and in January, 1859—after the memorable contest of 1858 he was a third time elected for a term of six years. After the first convention which nominated him for Congress, there was no opposition to his nomination, the party taking him up as their candidate by universal consent. So with his election to the United States Senate. After the caucus had nominated him in 1847, he was elected as a matter of course; and in 1853 and in 1859 no opposition in his own party was ever urged against his re-election.

Perhaps no man, not excepting even the great Clay, Webster, and Benton, has taken a more active part in the debates of Congress during the time that he has been a member, than Mr. Douglas. No branch of the public business has occupied his whole time. He has been an untiring business man upon all the great subjects that have been before Congress since 1843. Upon all these questions he has entered largely into the debates, and the attentive reader of the discussions in Congress will find that Mr. Douglas's speeches are all devoted to the accomplishment of practical ends, to be attained by following fixed principles; and that in no instance has he departed from this policy, even when by so doing he could avoid personal hostility or obtain personal favor. His intrepidity as a statesman has marked every step of his public career, and the stronger and more violent the storm directed against him, the stronger and more unyielding has been his determination to work out the great end he had in view.

Another distinguishing mark of Mr. Douglas's career has been that he has NEVER FAILED in any proposition which he has undertaken seriously to have accomplished. He has introduced many measures that he has never pushed to a successful issue; but when the right time arrives for any measure that he deems appropriate and necessary, he never has failed to give to it all his energies, and in such case has never failed in seeing it successful over all opposition.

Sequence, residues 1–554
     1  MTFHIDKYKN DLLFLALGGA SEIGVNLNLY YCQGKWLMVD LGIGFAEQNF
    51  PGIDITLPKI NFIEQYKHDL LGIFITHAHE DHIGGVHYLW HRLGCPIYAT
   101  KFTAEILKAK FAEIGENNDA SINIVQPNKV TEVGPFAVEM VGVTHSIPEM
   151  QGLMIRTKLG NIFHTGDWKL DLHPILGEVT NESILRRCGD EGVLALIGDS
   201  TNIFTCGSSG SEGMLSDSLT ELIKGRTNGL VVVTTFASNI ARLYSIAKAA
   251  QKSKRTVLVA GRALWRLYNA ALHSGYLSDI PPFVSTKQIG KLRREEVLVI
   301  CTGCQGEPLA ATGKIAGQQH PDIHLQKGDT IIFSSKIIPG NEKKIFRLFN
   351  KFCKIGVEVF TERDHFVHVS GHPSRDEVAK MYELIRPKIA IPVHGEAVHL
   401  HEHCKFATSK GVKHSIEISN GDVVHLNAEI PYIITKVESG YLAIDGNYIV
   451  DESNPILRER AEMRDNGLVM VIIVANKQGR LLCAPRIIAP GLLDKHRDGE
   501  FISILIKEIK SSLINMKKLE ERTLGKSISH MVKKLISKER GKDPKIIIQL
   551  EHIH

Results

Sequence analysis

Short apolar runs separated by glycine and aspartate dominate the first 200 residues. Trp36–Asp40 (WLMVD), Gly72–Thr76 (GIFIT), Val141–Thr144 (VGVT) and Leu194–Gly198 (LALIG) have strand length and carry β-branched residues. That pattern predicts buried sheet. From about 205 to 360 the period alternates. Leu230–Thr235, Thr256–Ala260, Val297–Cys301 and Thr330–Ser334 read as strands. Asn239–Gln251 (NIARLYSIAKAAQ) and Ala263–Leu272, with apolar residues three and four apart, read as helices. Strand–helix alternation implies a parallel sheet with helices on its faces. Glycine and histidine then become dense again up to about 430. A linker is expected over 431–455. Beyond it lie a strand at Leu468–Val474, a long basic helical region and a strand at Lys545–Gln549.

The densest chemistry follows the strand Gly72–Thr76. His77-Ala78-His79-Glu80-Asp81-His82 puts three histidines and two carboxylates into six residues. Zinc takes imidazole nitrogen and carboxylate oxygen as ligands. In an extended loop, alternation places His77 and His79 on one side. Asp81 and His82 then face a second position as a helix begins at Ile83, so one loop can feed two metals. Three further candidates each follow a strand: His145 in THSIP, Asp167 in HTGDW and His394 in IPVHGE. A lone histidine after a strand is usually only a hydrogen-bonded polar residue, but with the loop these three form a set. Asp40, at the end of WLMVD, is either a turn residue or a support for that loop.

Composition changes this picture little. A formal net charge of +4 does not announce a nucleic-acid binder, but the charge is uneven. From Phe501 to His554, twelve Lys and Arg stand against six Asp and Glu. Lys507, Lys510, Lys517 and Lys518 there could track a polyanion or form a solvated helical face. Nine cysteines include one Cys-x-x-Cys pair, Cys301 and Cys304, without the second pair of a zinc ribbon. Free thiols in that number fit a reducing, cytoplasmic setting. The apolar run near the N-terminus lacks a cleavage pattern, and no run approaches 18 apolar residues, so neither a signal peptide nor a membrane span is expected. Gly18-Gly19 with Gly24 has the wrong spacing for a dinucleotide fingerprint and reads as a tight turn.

In reviewing the public history of a man who, like Mr. Douglas, has taken such an important part in the legislation of nearly twenty years, covering a period of agitation and excitement never exceeded in the previous history of the country, it is necessary, in a work like this, to condense narratives, when the whole story should be told, and to give the substance only of speeches, when the entire speeches ought to be read.

Much that is valuable in the history of the country, and much that would be useful in forming a true and just estimate of Mr. Douglas's great abilities as a jurist, a statesman, and an orator, is reluctantly yet necessarily omitted in this volume. In preparing the sketch of his services in Congress, it has been found more convenient, and possibly more advantageous to the reader, to arrange them under subjects, without any strict reference to chronological order; and the reader must remember that the subjects treated of in the following pages are not all, but only a few of the leading measures in which he has taken an active part.

CHAPTER IV.

MR. DOUGLAS AND GENERAL JACKSON.

It has already been stated that Mr. Douglas's first speech of V a political character in Illinois, and his first public political triumph, was at a public meeting at Jacksonville, in the spring of 1834, where he encountered the ablest of General Jackson's opponents, and in a county where the influence of the bank had paralyzed the Democracy, had silenced the old hero's champions, and was carrying unopposed all political power to the side of the monopoly. Young, inexperienced, unknown to the people, he vindicated the policy of the old veteran, and turned the tide of popular opinion in his favor. That was not the only speech, nor the only time that he encountered the gallant and eloquent orators of the Whig party in the defense of General Jackson. On the circuit while prosecuting attorney, on the stump as candidate for the Legislature, in the Legislature as a member, before the people as a candidate for Congress, on the stump as a Democratic orator, every where, on all occasions, from 1834 until the expiration of General Jackson's term of office in 1837, Mr. Douglas was selected by his political friends, and recognized by his opponents, as the especial champion of the administration, and of the personal and political character of General Andrew Jackson. It has also been stated that in boyhood, when serving as an apprentice in Vermont, he was found in the workshop, and in all congregations of youths of his own age, and even of a larger growth, the de